Is it recommended to grow skills in different CAD programs??
I have mostly worked with SW but some thoughts have come to my mind to learning inventor, nx perhaps.. but would it be worth it? I mean if I keep working with just SW i´ll get to more complex things sooner..
I am in NX for last 10 years, i used Inventor and got some courses of ProE. if you like SW do not try proE, but you can go to solidedge or inventor. if you want to go to top, try catia or NX. good idea is to try rhino or 3Dmax as they are better for freform modeling then CAD programs.
Anyway you can either try new CAD programs, or you can try to learn CAM on same level software, so you can be able to do design and manufacture.
My advice is to try one or two more CAD programs, but not more then that, as you will not be able to go deep if you try to learn many of them. and at last, if you are master of what you already use, you will find job easy enough without need to learn more programs.
I wouldn't worry about it until the time comes to use the software, if someone wants to employ you they're going to employ you for your engineering/design knowledge and experience, If they like what they see and hear, they'll train you up, CAD is just a tool.
Become an expert on one CAD software and you'll pick up the others very easily. I've been using NX for ten years and I always see jobs saying they use SW, so it got me thinking and I have the opportunity to use SW to see what all the fuss is about and modelled the Nokia N9 in a couple of hours, these days most of the mainstream feature based CAD are very similar, the only difference is some of the terminology might be a little different, like in NX we sew the surfaces together and in SW they knit them, then it's just a matter of getting used to where the features live and you'll be almost there.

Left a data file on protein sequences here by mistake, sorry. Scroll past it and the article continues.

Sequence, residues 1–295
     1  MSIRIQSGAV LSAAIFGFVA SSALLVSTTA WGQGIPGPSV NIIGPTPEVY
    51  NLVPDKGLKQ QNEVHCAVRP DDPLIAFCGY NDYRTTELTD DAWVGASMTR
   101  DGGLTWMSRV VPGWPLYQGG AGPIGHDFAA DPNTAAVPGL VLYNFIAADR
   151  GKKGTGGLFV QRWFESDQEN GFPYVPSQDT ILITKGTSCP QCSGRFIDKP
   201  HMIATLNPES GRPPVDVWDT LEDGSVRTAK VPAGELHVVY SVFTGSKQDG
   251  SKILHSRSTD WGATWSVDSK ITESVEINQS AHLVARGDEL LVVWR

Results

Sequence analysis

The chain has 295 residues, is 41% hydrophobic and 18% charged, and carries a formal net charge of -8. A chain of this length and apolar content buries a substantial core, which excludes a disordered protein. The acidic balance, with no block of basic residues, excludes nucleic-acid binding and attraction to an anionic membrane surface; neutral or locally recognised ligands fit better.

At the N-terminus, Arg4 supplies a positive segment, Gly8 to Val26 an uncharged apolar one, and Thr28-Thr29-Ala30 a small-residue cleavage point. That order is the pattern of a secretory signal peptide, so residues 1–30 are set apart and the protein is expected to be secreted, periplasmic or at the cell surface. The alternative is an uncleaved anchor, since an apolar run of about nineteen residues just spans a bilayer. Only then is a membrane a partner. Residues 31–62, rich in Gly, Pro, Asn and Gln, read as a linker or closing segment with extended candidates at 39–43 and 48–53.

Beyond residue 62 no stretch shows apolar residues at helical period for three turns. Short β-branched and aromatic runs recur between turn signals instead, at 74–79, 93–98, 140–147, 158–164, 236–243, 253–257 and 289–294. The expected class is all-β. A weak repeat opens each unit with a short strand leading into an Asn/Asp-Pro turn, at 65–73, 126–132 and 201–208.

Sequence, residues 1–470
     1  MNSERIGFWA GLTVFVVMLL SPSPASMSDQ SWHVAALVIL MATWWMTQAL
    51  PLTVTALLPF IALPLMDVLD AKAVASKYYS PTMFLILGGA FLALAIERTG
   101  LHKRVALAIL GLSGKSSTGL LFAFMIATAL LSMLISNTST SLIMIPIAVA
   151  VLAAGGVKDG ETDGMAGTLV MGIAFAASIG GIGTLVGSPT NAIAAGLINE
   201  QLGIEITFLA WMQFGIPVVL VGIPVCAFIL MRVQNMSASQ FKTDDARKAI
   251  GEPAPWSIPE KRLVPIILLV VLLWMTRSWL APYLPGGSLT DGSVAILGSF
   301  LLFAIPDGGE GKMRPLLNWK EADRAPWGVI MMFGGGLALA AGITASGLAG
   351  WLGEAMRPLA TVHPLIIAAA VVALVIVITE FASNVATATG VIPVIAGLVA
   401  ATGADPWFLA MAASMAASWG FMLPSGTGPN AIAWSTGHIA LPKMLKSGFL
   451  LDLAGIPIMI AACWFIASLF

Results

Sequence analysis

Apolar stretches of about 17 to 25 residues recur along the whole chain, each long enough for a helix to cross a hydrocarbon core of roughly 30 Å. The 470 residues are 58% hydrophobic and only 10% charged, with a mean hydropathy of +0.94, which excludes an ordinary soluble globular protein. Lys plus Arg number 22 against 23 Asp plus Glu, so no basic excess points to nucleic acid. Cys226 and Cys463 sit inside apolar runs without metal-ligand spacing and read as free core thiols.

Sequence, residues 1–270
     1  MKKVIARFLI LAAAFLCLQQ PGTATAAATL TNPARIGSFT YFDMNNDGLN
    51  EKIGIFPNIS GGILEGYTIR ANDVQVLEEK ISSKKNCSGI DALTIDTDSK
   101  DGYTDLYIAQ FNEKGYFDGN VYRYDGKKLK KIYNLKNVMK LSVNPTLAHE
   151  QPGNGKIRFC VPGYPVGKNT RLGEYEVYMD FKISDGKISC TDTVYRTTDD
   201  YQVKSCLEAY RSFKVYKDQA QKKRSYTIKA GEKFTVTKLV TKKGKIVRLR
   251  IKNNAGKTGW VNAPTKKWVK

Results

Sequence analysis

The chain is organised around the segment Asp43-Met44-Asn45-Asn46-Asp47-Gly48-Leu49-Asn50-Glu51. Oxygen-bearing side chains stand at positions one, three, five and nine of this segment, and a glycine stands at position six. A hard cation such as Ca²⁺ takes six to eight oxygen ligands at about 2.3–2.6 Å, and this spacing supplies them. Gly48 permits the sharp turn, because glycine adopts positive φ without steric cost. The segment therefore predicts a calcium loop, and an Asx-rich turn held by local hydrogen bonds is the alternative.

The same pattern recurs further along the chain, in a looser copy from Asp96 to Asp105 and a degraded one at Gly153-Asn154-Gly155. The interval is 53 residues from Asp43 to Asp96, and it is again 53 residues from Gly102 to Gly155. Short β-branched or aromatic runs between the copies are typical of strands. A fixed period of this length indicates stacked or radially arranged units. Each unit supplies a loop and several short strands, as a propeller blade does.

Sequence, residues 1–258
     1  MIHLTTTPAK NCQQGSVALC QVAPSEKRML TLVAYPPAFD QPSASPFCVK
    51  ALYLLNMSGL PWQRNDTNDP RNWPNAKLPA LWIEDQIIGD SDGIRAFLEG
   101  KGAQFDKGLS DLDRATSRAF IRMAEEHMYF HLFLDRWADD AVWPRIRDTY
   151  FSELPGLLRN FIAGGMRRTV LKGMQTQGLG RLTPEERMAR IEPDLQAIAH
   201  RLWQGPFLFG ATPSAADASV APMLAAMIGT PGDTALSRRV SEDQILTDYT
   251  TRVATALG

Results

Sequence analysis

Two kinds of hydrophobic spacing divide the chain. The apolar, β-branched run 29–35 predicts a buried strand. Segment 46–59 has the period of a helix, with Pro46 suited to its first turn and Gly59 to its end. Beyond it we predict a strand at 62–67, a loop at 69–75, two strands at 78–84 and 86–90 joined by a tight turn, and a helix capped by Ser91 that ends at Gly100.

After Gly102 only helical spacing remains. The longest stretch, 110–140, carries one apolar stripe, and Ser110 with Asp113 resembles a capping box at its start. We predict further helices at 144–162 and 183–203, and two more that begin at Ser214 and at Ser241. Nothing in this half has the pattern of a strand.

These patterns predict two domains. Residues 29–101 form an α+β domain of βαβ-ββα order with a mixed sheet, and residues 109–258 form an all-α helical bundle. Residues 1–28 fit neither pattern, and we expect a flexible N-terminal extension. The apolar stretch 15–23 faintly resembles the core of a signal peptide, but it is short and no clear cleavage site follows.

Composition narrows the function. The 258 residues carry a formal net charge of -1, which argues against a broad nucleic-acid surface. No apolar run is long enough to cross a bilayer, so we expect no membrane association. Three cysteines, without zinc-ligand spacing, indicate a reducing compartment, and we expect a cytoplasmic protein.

I wouldn't worry about it dude, don't clutter your brain with stuff you're not going to use in the near future unless you have a genuine interest and passion to learn it all, what I mean is, if you don't enjoy it you're not going to master it, that goes for everything not just CAD programs.
I know I am just a student JE and you have a lot more experience than I do with CAD. I am in a School that teaches you with Auto Desk software, when I told my head lecturer I wanted to learn SW also he said that is great as it will open up many more door for me when I leave School as I would know a little about the 2 main software's used in industry. My answer would be yet it would be more benefit to you to know more than one software :)
...NX and Solid Edge (synchronous technology) are based on almost same UGS engine under Siemens technology...now, Siemens got high tech manufacturing infrastructure for almost everything u can imagine and more in World of metal fabrication...so, communications and feedback's between software programmers and manufacturing engineers are based daily...unlike other CAD packages whose got same feedback little more later...little more incorrectly, little more expensive... This is the main reason i decided to choose SE...Decision is yours after all, but whichever other CAD you want to learn, u got our support...:)))
NX and CATIA are not just CAD programs, they are complete PLM solutions.